I was put on pitocin and still nothing. At 7 pm I was checked again – this time the nurses shift had changed and I was becoming very very impatient. I had progressed to 6 cm. Small whoop! But then the whoop quickly changed to panic when the nurses noticed that the baby’s heart beat had slowed down at 8 pm.
I told myself, ok, it’s already 8 pm. I guess I could watch the North Korea documentary at 8:30 pm here and then deliver after.
Really, why I was so fixated on this documentary, I don’t know.
When the baby’s heart beat dropped, the nurses started to panic. They quickly put an oxygen mask on me and made a call to the OB to come quickly. At one point I commented, “I don’t need this oxygen mask. I can breathe fine.” To which the nurse replied, “It’s not for you, it’s for your baby.” Oops, and I panicked even more.
The doctor came at 8:45 pm. Again, I remember this time because I was in the midst of my North Korean documentary and had to decide whether to focus on him or the TV. HAHAHA.
I started to focus on him when five other nurses came in PLUS a new Anaesthetist. I really never had a c-section in mind at all and started to panic yet again. He said that, as we had discussed, the moment there was a valley in the heart beat chart (meaning the baby’s heart beat drops) it’s time for a c-section because our end goal is to get a healthy baby. I really wasn’t mentally prepared for the c-section. I started to tear up and cry uncontrollably. Nat tried to comfort me but the nurses told him that he needed to move our bags out of the room to the recovery room and get changed into surgery scrubs.
I remember so many things happening around me. There was a flurry of activity. I felt as though I was in the eye of the storm. The nurses sprung into action, preparing me for surgery. The Anaesthetist kept reassuring me everything would be fine. She was amazing. Seriously. I was quickly wheeled into the operating theatre. I remember crying all the way to the operating theatre.
In the operating theatre I cried even harder. I was just SO freaked out about getting cut up. Being a person that thrives on achieving milestones and goals, I was disappointed I was unable to achieve my goal of a pain-free natural delivery. Anyway, the baby had to come out one way or another and he obviously wasn’t coming out naturally.
The operation wasn’t painful but it was quite scary. The force that the OB had to use was terrifyingly strong. Nat and I like to describe it as it felt as though the doctor was a mechanic working on a car. Seriously. And just before the baby came out, the Anaesthetist and Nurse gave a big mighty push from the back (a push so strong they had to ensure their feet had support). I must say one comforting thing was how calm and relaxed the doctor was throughout the entire procedure – which made me panic a little less.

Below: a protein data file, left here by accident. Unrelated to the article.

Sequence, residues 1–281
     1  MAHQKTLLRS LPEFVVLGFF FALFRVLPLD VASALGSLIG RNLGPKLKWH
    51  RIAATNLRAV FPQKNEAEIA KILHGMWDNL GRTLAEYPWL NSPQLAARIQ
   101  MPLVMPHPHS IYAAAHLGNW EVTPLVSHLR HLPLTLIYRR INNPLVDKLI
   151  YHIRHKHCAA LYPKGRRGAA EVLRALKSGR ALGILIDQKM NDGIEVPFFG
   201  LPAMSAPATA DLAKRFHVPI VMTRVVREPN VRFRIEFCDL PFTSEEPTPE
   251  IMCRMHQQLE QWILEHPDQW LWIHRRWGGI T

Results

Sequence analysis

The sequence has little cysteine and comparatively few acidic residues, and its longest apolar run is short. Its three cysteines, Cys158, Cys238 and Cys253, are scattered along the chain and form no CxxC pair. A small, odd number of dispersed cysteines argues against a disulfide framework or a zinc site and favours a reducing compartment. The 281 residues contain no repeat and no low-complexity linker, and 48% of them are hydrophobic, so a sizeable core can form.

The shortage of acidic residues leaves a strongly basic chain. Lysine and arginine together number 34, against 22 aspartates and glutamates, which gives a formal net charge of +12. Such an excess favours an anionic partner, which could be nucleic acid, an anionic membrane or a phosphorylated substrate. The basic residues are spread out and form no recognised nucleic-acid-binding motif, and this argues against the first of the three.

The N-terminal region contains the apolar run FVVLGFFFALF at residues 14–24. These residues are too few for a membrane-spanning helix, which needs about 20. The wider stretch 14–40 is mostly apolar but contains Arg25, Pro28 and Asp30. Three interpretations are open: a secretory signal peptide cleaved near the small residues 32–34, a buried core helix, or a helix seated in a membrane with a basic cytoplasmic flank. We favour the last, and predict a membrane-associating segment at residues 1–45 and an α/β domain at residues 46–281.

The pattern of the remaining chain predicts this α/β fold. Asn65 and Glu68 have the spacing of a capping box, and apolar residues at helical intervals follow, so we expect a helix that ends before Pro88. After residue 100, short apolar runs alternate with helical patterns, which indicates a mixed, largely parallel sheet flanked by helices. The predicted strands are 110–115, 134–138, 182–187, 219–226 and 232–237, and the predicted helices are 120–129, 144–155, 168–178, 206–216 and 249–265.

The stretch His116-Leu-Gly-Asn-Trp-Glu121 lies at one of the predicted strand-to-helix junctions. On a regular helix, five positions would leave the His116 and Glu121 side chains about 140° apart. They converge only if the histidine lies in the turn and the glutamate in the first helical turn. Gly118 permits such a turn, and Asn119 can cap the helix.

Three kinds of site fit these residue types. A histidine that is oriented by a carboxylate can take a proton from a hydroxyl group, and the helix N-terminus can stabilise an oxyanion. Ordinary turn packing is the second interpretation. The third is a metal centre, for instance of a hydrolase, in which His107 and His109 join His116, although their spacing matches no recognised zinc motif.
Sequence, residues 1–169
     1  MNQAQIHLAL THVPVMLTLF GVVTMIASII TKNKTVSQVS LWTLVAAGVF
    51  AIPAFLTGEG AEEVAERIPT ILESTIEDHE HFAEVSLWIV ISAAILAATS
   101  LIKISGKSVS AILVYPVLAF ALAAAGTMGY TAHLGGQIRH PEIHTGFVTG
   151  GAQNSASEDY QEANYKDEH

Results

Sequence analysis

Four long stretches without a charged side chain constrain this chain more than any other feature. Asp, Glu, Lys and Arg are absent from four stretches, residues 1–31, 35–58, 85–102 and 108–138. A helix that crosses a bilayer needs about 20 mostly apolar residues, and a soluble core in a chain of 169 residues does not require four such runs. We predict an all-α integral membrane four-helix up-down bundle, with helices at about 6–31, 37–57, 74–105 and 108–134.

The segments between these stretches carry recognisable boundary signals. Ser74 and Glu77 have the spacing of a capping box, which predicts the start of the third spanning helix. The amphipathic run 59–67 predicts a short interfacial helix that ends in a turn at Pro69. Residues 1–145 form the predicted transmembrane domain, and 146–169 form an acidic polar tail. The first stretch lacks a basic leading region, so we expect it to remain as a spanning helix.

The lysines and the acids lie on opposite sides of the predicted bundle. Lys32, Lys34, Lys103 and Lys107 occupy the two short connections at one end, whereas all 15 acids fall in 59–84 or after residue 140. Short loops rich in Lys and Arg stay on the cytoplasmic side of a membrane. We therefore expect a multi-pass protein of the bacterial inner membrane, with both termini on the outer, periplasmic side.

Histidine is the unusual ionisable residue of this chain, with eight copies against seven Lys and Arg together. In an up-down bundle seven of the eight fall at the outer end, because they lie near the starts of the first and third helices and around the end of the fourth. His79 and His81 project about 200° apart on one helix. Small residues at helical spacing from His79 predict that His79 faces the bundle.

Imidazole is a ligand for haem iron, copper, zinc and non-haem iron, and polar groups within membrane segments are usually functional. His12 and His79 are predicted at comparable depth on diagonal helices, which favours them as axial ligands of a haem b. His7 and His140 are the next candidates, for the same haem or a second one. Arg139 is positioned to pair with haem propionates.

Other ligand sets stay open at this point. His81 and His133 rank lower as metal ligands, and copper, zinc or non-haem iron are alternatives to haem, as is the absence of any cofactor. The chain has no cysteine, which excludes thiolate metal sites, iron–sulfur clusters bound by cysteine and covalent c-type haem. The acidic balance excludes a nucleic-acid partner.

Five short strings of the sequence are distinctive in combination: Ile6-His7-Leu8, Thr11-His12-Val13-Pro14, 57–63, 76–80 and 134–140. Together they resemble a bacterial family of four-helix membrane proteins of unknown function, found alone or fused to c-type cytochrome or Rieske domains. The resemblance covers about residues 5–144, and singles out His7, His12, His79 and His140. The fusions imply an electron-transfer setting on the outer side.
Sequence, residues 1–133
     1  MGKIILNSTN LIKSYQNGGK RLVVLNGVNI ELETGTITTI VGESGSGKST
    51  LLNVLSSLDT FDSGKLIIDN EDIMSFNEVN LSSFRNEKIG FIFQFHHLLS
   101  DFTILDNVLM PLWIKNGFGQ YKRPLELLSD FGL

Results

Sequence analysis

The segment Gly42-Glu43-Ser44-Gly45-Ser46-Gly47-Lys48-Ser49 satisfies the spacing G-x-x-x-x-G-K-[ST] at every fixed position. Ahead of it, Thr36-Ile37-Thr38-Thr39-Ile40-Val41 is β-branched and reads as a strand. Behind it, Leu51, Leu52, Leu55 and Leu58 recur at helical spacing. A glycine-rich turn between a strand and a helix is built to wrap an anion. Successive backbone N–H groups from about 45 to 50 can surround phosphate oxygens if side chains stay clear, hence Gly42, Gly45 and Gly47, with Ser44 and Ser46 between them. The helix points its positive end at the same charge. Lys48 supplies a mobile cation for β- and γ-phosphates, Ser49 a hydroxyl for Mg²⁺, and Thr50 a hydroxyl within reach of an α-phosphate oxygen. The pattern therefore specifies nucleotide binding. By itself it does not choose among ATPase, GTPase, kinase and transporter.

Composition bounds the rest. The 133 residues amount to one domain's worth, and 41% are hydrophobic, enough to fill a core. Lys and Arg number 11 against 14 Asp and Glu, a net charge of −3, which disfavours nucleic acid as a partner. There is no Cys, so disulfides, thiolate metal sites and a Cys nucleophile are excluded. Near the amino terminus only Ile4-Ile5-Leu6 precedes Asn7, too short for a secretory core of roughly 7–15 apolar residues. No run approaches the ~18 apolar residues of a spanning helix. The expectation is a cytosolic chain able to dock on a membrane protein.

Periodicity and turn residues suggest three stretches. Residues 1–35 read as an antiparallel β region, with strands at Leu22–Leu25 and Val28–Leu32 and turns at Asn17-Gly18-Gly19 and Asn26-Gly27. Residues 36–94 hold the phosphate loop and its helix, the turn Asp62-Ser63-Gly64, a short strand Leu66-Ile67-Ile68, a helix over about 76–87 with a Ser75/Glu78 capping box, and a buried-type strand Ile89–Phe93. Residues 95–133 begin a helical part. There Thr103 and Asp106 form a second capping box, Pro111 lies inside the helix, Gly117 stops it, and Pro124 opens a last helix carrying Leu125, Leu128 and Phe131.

9:50 pm Baby E-Man came out. At first he was silent and the whole room seemed to be waiting in anticipation. And then we heard it. The strangest sound ever. Over the course of the day I had heard many babies cry. They all sounded nice. Except mine went, “oohh-wehh oohh-wehhh oooh–weehhh!!!” He only did that for a while and once he was bundled into a burrito he was placed on my chest and kept silent, you could see that he was absorbing his new environment. I felt at that moment I had delivered an old soul.
I stopped crying when they gave me the baby and the lovely Anaesthetist took a picture of us.
Very quickly though Nat and E-Man left the operating theatre for the nursery where he was weighed and measured. One of the nurses wheeled him in his little trolley with Nat following along. When they got to the nursery, Nat remembers the nurse counting his fingers and toes for him. According to him, she went, “1, 2, 3, 4, 5, 6, 7, 8, 9, 10 – 10 fingers and 1, 2, 3, 4, 5, 6, 7, 8, 9, 10 – 10 toes. Ok?”
Nat went back to the recovery suite to wait for me. And I just lay there in the operating theatre thinking about how insane the entire day was and how incredibly helpless I was feeling. Oh, if only I knew at that time that unexpected situations and feelings of incredible helplessness are common themes that would re-occur in the year to come and I expect for the rest of my life as a parent.
Now, if you would ask me, if I had to do it all over again, knowing the things I know now, what would I do?
1) I would probably wait a few days more before getting induced.
2) I would probably wait until I was about 4-5 cm dilated before I get the epidural. Nah, I’m not a hero.
3) I would probably put more exciting movies in my iPad – I remember getting a bit bored.
4) Nat would probably bring an extra jacket and blanket.
I would not really change much else. Mt Alvernia is really such a wonderful hospital. The rooms are new and very luxurious, the staff are unbelievably caring and professional and the location is perfect.
I know it took a long time to get here. Sorry, when I was typing this entry out I really felt like I was re-living the entire experience. I would be very interested to hear your birth story. Again, as I shared, I’m not here to criticise anyone’s birth plan and I also hope that no one will criticise mine. The end goal is to get a healthy baby out and that’s what I did!